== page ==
The Night Porter caused consternation when it was first released. Most critics hated it. The New Yorker’s pithy Pauline Kael wrote that it proved that: ‘women can make junk just as well as men’. Films and Filming magazine (a forerunner to Sight and Sound, with a large gay readership) gloried in its decadence. And, well, then there was the poster. The ravishing Charlotte Rampling was captured topless in stormtrooper’s cap and long opera-gloves, hands cupping her breasts. The consternation was largely caused because of what was seen as the trivialising treatment of Nazi war atrocities. It had been 30 years since VE-Day and there were still, ‘don’t mention the war,’ sensibilities. Now, nearly 45 years after The Night Porter was released, how does this cult movie stand up?
It’s 1957, Vienna, and Max (Dirk Bogarde) is the shifty receptionist at a gloomy hotel. Strange people come and go. When an opera conductor arrives with his classy wife Lucia (Rampling) Max and the woman’s eyes lock. Some ten years previously they first met when she was a new, teenage arrival at a concentration camp and he, the camp doctor (as it were), who singled her out for unspeakable medical experiments (trimmed thankfully by the censors).
Unaccountably, Max and Lucia, the latter in a kooky concentration camp coupe sauvage hairdo, indulge in a co-dependent love affair. Back in ’57 Lucia’s shocked reticence gives way to morbid passions as she and Max get it on once again. There’s a subplot involving finding and neutralising witnesses to Max’s war crimes and thus, ‘liberating him from his past’. ‘To save someone’s skin, sometimes there’s no price too high,’ the audience is cryptically informed.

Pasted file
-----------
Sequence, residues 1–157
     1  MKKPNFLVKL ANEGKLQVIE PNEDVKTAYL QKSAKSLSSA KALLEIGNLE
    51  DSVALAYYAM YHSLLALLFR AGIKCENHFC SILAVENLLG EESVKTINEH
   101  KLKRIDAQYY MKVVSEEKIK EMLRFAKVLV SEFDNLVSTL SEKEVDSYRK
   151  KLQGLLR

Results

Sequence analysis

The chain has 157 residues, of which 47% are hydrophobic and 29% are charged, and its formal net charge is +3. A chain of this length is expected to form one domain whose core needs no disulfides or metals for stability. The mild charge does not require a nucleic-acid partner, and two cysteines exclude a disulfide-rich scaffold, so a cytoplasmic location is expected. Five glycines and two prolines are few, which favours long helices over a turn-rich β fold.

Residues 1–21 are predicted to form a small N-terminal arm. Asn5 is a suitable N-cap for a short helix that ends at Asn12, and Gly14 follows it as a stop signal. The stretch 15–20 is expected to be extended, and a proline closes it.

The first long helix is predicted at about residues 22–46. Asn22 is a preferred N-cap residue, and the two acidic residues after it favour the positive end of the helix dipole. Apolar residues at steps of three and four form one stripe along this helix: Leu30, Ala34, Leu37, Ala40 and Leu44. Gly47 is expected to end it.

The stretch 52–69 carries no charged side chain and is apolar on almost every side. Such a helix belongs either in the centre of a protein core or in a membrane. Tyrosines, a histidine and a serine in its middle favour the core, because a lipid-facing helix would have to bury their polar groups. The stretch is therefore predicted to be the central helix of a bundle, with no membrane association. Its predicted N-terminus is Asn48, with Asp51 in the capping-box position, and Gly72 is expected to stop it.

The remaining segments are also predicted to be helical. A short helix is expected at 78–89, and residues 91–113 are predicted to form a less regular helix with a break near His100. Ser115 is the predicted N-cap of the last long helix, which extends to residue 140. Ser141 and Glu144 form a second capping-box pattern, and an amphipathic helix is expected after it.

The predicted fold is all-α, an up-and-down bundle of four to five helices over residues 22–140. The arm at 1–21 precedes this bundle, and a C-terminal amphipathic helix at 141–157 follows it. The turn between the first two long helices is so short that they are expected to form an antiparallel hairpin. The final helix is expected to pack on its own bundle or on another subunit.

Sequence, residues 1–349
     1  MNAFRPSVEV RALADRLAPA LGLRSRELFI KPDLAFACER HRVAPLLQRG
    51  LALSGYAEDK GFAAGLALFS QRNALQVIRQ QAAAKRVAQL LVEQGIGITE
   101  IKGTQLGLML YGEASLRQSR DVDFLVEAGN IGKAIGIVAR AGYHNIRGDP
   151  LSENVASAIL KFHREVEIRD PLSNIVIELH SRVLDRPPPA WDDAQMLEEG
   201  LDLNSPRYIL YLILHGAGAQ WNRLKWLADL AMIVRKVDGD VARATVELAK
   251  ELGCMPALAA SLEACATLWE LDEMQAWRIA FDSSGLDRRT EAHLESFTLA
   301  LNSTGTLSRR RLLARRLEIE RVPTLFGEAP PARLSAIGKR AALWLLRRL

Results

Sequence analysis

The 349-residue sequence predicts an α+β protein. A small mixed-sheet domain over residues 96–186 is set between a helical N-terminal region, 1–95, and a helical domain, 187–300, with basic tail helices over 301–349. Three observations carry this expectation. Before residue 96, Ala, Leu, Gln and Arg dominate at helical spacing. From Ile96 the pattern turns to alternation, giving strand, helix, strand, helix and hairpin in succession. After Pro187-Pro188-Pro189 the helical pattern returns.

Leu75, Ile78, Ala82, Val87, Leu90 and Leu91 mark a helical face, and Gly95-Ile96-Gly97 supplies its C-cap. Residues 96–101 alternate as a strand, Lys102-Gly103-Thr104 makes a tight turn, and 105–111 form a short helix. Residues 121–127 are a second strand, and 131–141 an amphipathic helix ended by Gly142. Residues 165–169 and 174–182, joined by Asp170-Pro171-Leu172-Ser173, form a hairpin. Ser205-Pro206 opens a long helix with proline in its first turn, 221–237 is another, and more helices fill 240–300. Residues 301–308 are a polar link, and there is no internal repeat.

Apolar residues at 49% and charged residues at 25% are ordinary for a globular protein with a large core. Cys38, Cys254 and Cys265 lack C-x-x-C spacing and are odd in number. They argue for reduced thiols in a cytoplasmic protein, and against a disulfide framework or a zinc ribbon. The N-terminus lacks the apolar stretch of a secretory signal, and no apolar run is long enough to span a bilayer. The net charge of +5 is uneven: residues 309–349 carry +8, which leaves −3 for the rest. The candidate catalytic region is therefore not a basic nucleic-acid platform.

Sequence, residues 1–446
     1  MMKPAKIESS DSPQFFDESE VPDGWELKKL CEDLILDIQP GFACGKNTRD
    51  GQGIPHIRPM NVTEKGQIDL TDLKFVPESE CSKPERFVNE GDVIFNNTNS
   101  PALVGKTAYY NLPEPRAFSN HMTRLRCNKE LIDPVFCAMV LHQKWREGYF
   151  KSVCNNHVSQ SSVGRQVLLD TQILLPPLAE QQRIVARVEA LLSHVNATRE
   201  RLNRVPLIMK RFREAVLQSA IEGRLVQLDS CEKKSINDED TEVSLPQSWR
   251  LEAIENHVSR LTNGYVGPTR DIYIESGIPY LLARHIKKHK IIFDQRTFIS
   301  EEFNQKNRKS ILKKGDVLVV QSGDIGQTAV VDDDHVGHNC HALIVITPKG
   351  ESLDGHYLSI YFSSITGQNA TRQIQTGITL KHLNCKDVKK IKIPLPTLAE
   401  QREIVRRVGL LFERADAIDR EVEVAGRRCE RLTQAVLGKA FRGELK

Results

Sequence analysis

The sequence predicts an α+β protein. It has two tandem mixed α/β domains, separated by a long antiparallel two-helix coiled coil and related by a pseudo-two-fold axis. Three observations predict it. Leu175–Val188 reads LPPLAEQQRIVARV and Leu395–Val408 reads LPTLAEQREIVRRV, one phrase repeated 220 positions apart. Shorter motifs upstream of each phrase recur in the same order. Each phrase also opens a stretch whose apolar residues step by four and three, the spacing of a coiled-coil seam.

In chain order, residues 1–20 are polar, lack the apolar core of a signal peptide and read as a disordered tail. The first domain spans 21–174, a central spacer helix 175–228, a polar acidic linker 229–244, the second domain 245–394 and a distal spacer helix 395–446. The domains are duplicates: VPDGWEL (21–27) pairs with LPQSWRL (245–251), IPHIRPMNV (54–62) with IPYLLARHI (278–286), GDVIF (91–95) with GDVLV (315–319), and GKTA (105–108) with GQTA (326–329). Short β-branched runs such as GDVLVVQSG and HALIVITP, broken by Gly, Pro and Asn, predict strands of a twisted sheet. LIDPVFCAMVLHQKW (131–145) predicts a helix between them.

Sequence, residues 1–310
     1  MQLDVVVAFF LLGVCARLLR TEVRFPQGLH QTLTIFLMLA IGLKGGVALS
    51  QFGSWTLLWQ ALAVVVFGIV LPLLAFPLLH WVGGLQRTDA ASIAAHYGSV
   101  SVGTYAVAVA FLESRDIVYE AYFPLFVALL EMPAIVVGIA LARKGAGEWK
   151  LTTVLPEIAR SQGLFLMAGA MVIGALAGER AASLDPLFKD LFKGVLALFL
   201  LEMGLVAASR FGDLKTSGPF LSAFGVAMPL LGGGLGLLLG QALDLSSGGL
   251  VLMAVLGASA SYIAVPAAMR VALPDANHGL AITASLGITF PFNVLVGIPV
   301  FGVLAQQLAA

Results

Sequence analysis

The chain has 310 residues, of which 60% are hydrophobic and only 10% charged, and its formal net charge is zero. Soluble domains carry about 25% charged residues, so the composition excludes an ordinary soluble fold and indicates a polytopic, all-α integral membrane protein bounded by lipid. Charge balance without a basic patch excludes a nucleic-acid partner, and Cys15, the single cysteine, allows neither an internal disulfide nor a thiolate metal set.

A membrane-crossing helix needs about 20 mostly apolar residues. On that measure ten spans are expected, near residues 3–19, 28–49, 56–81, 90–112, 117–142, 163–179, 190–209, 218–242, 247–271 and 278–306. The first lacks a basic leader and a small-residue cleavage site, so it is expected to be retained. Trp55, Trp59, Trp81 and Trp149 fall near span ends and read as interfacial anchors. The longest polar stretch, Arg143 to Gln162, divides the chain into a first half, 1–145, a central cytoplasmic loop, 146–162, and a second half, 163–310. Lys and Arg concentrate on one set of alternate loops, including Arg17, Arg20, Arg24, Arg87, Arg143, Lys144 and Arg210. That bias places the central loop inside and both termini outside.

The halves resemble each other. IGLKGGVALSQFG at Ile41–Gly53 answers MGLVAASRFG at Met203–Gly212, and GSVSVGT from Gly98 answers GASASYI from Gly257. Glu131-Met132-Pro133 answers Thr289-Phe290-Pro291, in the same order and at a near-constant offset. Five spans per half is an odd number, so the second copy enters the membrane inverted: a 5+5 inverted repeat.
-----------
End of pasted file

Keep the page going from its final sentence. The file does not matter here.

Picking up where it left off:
Suffice to say the bulldozers have been out piling on the decadence: Lucia smoking a pipe, long leather trench coats, a dude in a monocle, semi-nudity, Max’s Siamese cat, Nazi salutes on windy rooftops, S&M, Rampling’s cut-glass profile endlessly being slapped. Fans of Bogarde’s turn as the creepy gentleman’s gentleman in Joseph Losey’s The Servant will relish his reprise here.
The whole pottage is so self-consciously arty it’s almost satire. The pop video aesthetics are so acute you’re half expecting Midge Ure to appear warbling about Vienna in the background. Combine this with some appalling post-dubbing and you really feel the subject matter (done much better in The Reader of 2008) deserved far better. It’s stiffly plotted, with director Cavani seeming to give up on it at halftime. Things only breathe when Bogarde and Rampling are together on the screen. At root the film lacks all seriousness and that is its biggest failing.
At any point did Dirk or Charlotte wonder what they had got involved in? Not according to Ms. Rampling in an extras interview where she witters on earnestly about loving interesting, serious scripts. For Bogarde’s part this was a pet project but then he was a closeted gay man until they day he died who had a thing about leather and motorbikes. One of the films memorable posters featured a quote from a review: ‘What a kinky turn-on!’ What a kinky turn-off.
Available on Blu-ray from Mon 30 Nov 2020